Francis Savage brought a case in the Court of Chancery in 1683 regarding the personal estate of John Bill, presumably in connection with this petition.[4]

John Bill (1630-1681)

Robert Barker held the office of Printer to the Queen and King in English from 1593. In 1615 he assigned houses, lands and his printing business to Bonham Norton and John Bill (1576-1630) as security in lieu of debts. In 1615, for the sum of £5,000 Robert Barker entered a three-way partnership with Bonham Norton and John Bill. In 1617, Barker assigned his interest to Bonham Norton and John Bill alone for the sum of £6,500. John Bill was a collector of books for James I and travelled the continent searching for books and acting as a spy for James. He was married to Anna Mountford.[5]

On John Bill’s death in 1630 his interest passed to his son John. Following several years of improvement in business, Barker reclaimed part of his interest.

After the Restoration, the King reinstated Major John Bill and Christopher Barker III as Kings Printers based in Blackfriars.[6] On several occasions Norton tried to reclaim his interest without success. Their printing premises, Hunsdon House, was destroyed in the Great Fire but was later rebuilt by Christopher Wren.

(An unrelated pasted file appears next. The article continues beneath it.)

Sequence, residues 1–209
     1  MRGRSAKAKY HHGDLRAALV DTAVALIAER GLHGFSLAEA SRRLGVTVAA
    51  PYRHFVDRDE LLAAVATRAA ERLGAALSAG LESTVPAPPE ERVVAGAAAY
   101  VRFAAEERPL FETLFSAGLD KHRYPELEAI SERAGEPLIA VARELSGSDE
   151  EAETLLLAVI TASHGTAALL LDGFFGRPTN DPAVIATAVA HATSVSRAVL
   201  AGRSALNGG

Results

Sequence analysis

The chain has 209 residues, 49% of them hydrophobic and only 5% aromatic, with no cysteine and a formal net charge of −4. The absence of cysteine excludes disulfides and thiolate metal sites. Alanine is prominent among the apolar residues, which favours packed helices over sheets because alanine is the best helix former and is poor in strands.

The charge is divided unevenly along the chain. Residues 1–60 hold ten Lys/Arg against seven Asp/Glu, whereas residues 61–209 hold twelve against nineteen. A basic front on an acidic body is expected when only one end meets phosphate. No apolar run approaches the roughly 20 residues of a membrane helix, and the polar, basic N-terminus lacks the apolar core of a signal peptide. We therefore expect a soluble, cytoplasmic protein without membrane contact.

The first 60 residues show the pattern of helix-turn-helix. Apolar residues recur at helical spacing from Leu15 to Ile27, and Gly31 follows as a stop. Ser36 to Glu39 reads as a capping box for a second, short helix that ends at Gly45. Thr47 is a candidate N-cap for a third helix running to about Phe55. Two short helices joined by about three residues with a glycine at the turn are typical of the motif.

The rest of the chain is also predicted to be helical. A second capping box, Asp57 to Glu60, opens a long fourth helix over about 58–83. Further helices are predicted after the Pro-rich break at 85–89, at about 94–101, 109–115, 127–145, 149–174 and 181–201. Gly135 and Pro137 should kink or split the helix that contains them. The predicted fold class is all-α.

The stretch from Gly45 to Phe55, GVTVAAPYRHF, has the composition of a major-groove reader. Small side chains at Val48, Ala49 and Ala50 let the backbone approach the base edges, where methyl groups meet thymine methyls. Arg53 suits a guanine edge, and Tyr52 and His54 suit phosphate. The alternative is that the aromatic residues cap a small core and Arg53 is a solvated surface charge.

In 1661, John Bill married Lady Pelham, the widow of Sir Thomas Pelham and daughter of Sir Henry Vane.

During the spring of 1670 John Bill presented a Bill to the Parliament for permission to sell lands in Kent and Surrey which was approved. It is not known if this was to settle his debts.[7]


[1] Francis Savage Ancestry: https://www.ancestry.co.uk/genealogy/records/francis-savage-24-1hcjn2y?geo_a=r&geo_s=ca&geo_t=uk&geo_v=2.0.0&o_iid=41016&o_lid=41016&o_sch=Web+Property.

[2] ‘Elizabeth Savage’: https://en.wikipedia.org/wiki/Elizabeth_Savage,_Countess_Rivers.

[3] Portrait of Elizabeth Savage: http://www.nationaltrustcollections.org.uk/object/926814.

[4] TNA C 8/310/97 Short title: Savage v Bill. Plaintiffs: Francis Savage, Darcy Savage and Diana Savage, 1683: https://discovery.nationalarchives.gov.uk/details/r/C5459687.

[5] ‘A Brief History of the Kings Printing House’: http://www.english.qmul.ac.uk/kingsprinter/publications/transcripts/Reader_Aids/A_Brief_History_of_the_Kings_Printing_House.pdf.

[6] A. F. Johnson, ‘The King’s Printers, 1660-1742’, The Library s5-III:1 (1948), pp. 33-38 https://doi.org/10.1093/library/s5-III.1.33.

[7] ‘A Brief History of the Kings Printing House’: http://www.english.qmul.ac.uk/kingsprinter/publications/transcripts/Reader_Aids/A_Brief_History_of_the_Kings_Printing_House.pdf; ‘House of Commons Journal Volume 9: 23 March 1670’, in Journal of the House of Commons: Volume 9, 1667-1687 (London, 1802), pp. 145-146. British History Online http://www.british-history.ac.uk/commons-jrnl/vol9/pp145-146.

This report is part of a series on ‘Petitioners in the reign of Charles II, 1660-1685’, created through a U3A Shared Learning Project on ‘Investigating the Lives of Seventeenth-Century Petitioners’.